How new mums can get almost £157 a week even if they don’t have a job


New mothers who do not qualify for standard maternity pay can still receive payments of up to thousands of pounds.

Women who are self-employed may also be eligible for cash on having children.


Having a baby can stretch your budget so every little bit helpscredit: getty

Mothers taking maternity leave are usually entitled to Statutory Maternity Pay (SMP) from their employer.

But in some circumstances they may not be eligible, for example if they have recently lost or left their job.

And women working by themselves have no employer to pay them SMP.

Instead they may be eligible for maternity allowance which is paid for by the government and is up to £156.66 per week.

This adds up to £6,110 in the 39 weeks you can receive, although the exact amount you can get depends on your eligibility.

Anyone receiving a maternity allowance also gets a Class 1 National Insurance Credit—which can help you build up your state pension—so it’s worth claiming it, even if you don’t get the full amount.

How much is maternity allowance?

Maternity allowance is worth varying amounts depending on your situation.

  • 90% of your average weekly income (before tax) up to £156.66 per week for 39 weeks
  • £27 per week for 39 weeks, or
  • £27 per week for 14 weeks.

Who is eligible for Maternity Allowance?

If you are not entitled to maternity pay, you are self-employed or you have recently stopped working, you may be eligible for maternity allowance.

The following must also apply within the last 66 weeks of your due date:

  • You must be employed or self-employed for at least 26 weeks
  • You must be earning £30 per week or more (or classified as earning) in at least 13 weeks – weeks together do not need to be

If you are self-employed, you must pay Class 2 National Insurance for at least 13 of the 66 weeks to receive the full amount of £151.97 per week.

If it isn’t, you’ll still get £27 per week for 39 weeks.

If none of the above applies, you may still be able to receive paid maternity allowance of £27 for 14 weeks.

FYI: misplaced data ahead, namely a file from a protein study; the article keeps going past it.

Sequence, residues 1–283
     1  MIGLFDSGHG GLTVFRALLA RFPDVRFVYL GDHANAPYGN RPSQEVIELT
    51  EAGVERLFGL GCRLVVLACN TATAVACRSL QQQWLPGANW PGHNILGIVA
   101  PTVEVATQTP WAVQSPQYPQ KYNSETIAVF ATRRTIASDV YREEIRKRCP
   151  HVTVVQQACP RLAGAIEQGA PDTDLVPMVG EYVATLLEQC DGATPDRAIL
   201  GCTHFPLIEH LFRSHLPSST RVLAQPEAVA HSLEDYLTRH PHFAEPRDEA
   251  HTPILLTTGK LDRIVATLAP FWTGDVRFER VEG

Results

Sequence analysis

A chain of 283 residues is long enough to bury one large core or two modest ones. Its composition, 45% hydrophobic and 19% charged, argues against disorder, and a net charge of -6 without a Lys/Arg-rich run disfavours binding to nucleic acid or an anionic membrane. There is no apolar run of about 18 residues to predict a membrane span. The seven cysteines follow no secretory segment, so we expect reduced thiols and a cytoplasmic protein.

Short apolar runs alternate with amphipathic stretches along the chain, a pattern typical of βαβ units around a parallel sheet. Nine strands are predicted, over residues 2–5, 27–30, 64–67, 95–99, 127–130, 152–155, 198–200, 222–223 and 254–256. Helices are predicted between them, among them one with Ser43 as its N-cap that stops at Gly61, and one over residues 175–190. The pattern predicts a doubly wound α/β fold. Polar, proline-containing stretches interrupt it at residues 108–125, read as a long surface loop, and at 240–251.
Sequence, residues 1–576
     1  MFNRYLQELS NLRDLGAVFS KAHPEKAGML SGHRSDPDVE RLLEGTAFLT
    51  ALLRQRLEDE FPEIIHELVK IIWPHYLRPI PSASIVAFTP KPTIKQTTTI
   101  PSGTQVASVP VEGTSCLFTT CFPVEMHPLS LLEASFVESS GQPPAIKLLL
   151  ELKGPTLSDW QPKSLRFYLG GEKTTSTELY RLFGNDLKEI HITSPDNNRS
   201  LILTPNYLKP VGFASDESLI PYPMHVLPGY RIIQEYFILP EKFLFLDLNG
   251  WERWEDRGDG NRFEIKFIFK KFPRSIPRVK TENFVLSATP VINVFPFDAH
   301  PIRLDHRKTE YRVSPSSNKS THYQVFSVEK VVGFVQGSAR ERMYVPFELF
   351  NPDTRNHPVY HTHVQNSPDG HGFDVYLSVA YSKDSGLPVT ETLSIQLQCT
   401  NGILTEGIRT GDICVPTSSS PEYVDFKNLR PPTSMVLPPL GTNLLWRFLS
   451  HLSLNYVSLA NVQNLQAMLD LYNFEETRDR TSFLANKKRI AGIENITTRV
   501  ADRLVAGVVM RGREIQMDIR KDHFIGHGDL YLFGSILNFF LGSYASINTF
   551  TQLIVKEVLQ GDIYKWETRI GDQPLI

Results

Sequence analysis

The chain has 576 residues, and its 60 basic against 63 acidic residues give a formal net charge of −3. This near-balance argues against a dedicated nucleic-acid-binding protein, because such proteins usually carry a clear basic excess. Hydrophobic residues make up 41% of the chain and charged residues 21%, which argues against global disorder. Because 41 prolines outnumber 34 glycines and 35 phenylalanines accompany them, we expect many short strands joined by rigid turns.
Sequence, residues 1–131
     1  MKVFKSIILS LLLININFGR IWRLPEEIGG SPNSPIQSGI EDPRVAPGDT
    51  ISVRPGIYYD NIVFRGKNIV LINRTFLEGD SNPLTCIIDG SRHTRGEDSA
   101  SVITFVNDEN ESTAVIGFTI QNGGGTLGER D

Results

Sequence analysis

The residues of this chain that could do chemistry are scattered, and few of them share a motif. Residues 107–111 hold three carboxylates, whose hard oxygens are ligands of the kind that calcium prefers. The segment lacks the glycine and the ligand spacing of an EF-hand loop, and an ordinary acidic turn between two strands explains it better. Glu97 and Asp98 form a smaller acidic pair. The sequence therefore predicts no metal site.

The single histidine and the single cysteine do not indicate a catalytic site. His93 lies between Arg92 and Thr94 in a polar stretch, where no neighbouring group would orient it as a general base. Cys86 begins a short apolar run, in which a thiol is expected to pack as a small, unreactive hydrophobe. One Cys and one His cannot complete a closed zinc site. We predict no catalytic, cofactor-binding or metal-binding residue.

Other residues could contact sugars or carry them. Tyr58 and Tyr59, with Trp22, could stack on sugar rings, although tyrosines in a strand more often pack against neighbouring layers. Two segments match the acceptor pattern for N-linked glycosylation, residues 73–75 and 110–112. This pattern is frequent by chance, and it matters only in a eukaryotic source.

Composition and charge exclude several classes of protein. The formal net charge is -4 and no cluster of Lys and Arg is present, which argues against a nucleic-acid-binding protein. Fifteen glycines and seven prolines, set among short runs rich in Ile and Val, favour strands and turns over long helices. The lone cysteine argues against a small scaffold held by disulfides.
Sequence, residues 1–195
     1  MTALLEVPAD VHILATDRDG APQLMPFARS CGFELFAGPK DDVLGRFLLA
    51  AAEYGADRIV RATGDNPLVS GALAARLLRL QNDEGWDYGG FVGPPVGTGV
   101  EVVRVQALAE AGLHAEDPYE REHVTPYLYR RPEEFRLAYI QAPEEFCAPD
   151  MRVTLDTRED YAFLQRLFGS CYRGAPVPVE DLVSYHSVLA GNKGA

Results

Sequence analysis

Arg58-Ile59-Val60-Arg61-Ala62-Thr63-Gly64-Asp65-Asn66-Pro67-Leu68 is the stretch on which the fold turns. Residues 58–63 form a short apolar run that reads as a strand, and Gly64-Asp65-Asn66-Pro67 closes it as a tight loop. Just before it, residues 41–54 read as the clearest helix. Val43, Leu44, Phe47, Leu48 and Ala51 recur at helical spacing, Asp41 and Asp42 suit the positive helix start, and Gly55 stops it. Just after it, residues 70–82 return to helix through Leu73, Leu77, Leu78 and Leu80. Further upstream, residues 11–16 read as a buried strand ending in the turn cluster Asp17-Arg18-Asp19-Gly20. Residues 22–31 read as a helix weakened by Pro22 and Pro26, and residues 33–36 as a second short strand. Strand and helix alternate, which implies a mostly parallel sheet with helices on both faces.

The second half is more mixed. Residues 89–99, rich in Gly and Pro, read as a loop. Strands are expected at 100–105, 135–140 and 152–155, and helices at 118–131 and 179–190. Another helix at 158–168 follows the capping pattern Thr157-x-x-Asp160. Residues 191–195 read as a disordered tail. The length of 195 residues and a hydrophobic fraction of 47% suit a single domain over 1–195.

You can get it if, within the past 66 weeks of your due date, and for at least 26 weeks, you:

  • married or in a civil partnership
  • not employed or self employed
  • Participate in the self-employment work of a partner or civil spouse
  • working for a business that is unpaid
  • Married or civil partnership from a person who is registered self-employed with HMRC and must pay Class 2 National Insurance
  • Not eligible for higher amount of Statutory Maternity Pay or Maternity Allowance

You can check your eligibility for Maternity Allowance or Statutory Maternity Pay Calculator at

If you cannot claim maternity benefits you may be able to get universal credit – is here how to claim,

How do I claim Maternity Allowance?

You can claim this benefit as soon as you are 26 weeks pregnant.

Payments begin 11 weeks before your child is due and are paid out every two or four weeks.

You should know that the money you receive from maternity allowance can affect other benefits you receive, including:

  • universal credit
  • council tax deduction
  • housing benefit
  • Employment and Support Allowance (ESA)
  • income support
  • Job Seekers Allowance (JSA) – This will stop on receipt of Maternity Allowance
  • bereavement benefit
  • Carer’s allowance.

It can also affect the amount you get due to the benefit limit.

If you are eligible, to receive the money you need to fill out Maternity Allowance (MA1) Claim Form,

You can do this online, or print it out and mail it – the address is on the form.

If you are applying for Maternity Allowance and paying your National Insurance Bill in installments due to COVID, you have to approach HMRC otherwise you may get rejected.

you can contact HMRC Online or by phone on 0300 200 3310, or by post: Self Assessment, HM Revenue & Customs, BX91A.

You must provide the following information:

  • proof of income
  • child’s due date proof
  • Your SMP1 form if you were denied SMP by your employer

You should state your claim here within 20 working days of applying.

If you are not successful but believe you are entitled, you can challenge the decision.

Other support for soon-to-be moms

You may also be eligible for the SureStart Maternity Grant, which offers soon-to-be parents in England, Wales and Northern Ireland Lump sum advance of £500.

You can get prescription and dental treatments for free while you’re pregnant and for up to 12 months after your baby’s due date.

Ask your doctor or midwife for a Maternity Exemption Certificate (MATEX) to claim free care.

below healthy start If you’re at least 10 weeks pregnant or have a child under four and you’re on certain benefits, such as Universal Credit, you may be entitled to free milk, infant formula, or fruits and vegetables.

and here are 16 free gifts for moms-to-be, including moms and nappiesBaby wipes and Lego magazines.

The frugal mother showcases Aldi’s giant run that will feed the family for weeks – but is doomed to ‘unhealthy’ snacks

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